The WTCHP funds a portfolio of research to better understand the health conditions of the WTCHP members. As of June 30, 2020, there were a total of 944 publications including 291 (31%) peer-reviewed articles funded by the WTCHP.

Most WTCHP-funded publications (78%) examined responders (vs. survivors). Research focused on characterizing the burden and etiology of WTC-related health conditions. Most WTCHP-funded research, focused on aerodigestive disorders (29%), mental health (26%), emerging conditions (23%), vulnerable populations (12%), and cancer (7%).

Research Highlights

  • Through March 2020, aerodigestive disorders comprised the largest clinical monitoring and treatment category accounting for 56% of members conditions.
  • Research studies suggest a significant and persistent increased risk of PTSD among the affected population.
  • Evidence of modestly increased cancer risk in the WTC population for all cancer combined, thyroid cancer, and prostate cancer with intermittent indications of other excess cancers.
  • Pregnant women, women of reproductive age, the elderly, adolescents, and other minor children represent potentially vulnerable groups within the affected population. Opportunities for future research involving vulnerable populations are diminishing with time therefore, research is urgently needed to better identify at risk populations, characterize their burden, and inform care.
  • Research involving WTC survivors exposed before 18 years of age is the major contributor to existing research on vulnerable populations. This research includes:
    • Pre-natal exposure studies primarily evaluating neurodevelopment and cognitive effects, followed by gestation and infant growth.
    • Several studies evaluating the impact of childhood exposures and health effects later in life (i.e., adolescence), such as behavioral and mental health outcomes, risk behaviors, health service needs and use, and gene-environment interactions.

Uncovering New Conditions

Ongoing WTC-related surveillance and research activities may periodically uncover new health conditions that need to be thoroughly evaluated. Topics of current interest include autoimmune diseases, cardiovascular disease, and issues associated with cognitive impairment as WTCHP members age.

Future Directions

We look to WTCHP researchers and medical providers to provide information over time that will help determine the full extent of WTC-related health conditions. Researchers are seeking to provide more effective approaches for medical monitoring and understanding the long-term clinical effects to improve the healthcare and wellbeing of at-risk populations. Future research will examine knowledge gaps, especially in areas of causal determinates, disease progression, and emerging health conditions. Finally, research is needed to examine prevention and mitigation strategies intended to reduce adverse health effects in populations affected by future disasters.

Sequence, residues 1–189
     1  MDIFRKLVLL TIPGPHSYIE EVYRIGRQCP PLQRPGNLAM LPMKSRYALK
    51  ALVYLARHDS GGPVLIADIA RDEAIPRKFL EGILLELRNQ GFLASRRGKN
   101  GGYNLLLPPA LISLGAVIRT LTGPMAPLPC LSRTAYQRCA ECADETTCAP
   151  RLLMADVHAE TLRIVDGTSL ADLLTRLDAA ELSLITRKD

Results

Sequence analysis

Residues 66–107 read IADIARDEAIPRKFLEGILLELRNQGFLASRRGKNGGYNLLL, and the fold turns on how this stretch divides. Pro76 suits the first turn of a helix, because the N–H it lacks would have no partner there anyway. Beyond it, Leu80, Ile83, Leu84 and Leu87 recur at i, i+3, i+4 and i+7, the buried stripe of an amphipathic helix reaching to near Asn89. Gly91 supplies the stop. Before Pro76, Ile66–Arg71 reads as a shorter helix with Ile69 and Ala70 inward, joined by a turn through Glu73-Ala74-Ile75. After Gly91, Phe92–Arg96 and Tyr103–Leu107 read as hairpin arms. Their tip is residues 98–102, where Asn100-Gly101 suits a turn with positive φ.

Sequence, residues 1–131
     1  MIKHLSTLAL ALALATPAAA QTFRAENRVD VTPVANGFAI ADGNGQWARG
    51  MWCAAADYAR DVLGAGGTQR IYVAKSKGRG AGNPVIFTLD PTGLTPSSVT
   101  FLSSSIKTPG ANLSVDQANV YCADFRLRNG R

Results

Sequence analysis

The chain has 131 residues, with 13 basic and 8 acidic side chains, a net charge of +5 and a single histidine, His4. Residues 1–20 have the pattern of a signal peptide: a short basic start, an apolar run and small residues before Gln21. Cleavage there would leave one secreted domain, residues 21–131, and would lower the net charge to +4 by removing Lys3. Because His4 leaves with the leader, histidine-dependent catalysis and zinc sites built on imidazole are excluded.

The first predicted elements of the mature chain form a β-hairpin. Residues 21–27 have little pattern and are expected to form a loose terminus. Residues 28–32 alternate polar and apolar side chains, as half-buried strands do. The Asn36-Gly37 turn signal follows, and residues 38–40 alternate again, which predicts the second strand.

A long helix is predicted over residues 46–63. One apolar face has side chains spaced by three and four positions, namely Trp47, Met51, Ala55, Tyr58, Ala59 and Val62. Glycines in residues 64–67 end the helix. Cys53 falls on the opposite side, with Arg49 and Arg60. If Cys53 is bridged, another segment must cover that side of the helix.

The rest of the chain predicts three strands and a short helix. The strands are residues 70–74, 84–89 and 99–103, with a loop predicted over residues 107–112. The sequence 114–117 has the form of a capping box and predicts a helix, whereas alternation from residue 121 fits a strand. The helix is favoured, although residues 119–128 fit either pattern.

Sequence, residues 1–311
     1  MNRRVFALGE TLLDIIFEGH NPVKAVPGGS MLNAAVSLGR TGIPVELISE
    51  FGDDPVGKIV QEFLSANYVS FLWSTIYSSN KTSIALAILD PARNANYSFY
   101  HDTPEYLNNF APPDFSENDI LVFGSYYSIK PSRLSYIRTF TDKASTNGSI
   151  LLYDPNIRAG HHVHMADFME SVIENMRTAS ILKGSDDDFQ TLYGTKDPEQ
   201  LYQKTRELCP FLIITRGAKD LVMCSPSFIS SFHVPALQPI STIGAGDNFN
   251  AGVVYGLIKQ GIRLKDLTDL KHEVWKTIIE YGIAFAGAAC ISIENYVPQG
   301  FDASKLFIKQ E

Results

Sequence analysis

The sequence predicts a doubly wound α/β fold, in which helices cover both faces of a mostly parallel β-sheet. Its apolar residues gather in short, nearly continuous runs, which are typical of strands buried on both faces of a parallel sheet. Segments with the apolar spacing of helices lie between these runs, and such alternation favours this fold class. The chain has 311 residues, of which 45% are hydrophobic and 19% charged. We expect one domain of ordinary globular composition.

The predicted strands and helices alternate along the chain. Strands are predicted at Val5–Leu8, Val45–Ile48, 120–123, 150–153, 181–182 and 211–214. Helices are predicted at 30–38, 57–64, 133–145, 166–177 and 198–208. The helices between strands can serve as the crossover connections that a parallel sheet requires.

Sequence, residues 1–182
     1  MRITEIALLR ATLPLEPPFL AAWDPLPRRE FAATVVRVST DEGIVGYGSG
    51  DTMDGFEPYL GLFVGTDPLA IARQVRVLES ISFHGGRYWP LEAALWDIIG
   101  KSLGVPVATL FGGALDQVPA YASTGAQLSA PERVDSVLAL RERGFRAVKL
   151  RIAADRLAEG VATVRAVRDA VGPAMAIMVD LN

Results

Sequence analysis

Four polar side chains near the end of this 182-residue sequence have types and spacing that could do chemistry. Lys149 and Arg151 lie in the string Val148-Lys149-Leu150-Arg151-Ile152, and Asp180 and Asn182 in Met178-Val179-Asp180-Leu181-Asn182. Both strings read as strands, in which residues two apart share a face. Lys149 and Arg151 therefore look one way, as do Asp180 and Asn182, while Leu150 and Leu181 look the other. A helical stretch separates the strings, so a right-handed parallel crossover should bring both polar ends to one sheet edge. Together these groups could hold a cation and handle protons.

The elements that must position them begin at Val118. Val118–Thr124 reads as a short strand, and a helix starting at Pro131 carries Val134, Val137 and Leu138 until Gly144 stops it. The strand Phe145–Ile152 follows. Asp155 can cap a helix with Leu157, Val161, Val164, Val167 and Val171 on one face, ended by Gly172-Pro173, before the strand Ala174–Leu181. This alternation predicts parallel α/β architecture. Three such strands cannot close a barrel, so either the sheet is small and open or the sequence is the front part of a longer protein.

A comprehensive review of findings from the WTCHP’s first decade of research is available in the article World Trade Center Health Program: First Decade of Research. For more information on WTC Health Program research projects and 9/11 health research opportunities, visit the WTC Health Program Research Gateway.


Albeliz Santiago-Colón, PhD, is an Associate Service Fellow in the World Trade Center Health Program.

Robert D. Daniels, PhD, CHP, is Associate Director for Science in the World Trade Center Health Program.

Travis Kubale, PhD, is  the Associate Director, Research Planning & Care Integration in the World Trade Center Health Program. 

Max Lum, Ed.D, MPA, is a Senior Advisor for eCommunication and Research Translation in the NIOSH Office of the Director.


This blog is part of a series for the NIOSH 50th Anniversary. Stay up to date on how we’re celebrating NIOSH’s 50th Anniversary on our website.

Posted on by Albeliz Santiago-Colón, PhD; Robert D. Daniels, PhD, CHP; Travis Kubale, PhD; and Max Lum, Ed.D, MPA

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Page last reviewed: September 1, 2021
Page last updated: September 1, 2021